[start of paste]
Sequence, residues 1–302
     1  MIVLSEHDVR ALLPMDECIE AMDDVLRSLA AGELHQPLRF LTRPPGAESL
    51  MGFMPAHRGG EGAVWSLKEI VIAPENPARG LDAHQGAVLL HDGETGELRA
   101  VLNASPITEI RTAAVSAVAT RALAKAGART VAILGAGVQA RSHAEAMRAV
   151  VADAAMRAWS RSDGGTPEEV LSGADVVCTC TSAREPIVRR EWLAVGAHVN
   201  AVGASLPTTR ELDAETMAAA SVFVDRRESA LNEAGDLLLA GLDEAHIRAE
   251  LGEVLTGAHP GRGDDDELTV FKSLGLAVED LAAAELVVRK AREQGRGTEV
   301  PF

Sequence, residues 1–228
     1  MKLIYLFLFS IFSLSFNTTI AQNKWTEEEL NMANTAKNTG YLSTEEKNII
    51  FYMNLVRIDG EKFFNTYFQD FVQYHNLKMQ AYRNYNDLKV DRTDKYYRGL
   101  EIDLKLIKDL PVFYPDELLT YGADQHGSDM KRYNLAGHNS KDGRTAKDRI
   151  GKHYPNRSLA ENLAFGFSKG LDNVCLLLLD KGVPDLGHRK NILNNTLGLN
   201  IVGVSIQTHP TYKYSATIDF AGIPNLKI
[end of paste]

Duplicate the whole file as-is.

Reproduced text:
Sequence, residues 1–302
     1  MIVLSEHDVR ALLPMDECIE AMDDVLRSLA AGELHQPLRF LTRPPGAESL
    51  MGFMPAHRGG EGAVWSLKEI VIAPENPARG LDAHQGAVLL HDGETGELRA
   101  VLNASPITEI RTAAVSAVAT RALAKAGART VAILGAGVQA RSHAEAMRAV
   151  VADAAMRAWS RSDGGTPEEV LSGADVVCTC TSAREPIVRR EWLAVGAHVN
   201  AVGASLPTTR ELDAETMAAA SVFVDRRESA LNEAGDLLLA GLDEAHIRAE
   251  LGEVLTGAHP GRGDDDELTV FKSLGLAVED LAAAELVVRK AREQGRGTEV
   301  PF

Sequence, residues 1–228
     1  MKLIYLFLFS IFSLSFNTTI AQNKWTEEEL NMANTAKNTG YLSTEEKNII
    51  FYMNLVRIDG EKFFNTYFQD FVQYHNLKMQ AYRNYNDLKV DRTDKYYRGL
   101  EIDLKLIKDL PVFYPDELLT YGADQHGSDM KRYNLAGHNS KDGRTAKDRI
   151  GKHYPNRSLA ENLAFGFSKG LDNVCLLLLD KGVPDLGHRK NILNNTLGLN
   201  IVGVSIQTHP TYKYSATIDF AGIPNLKI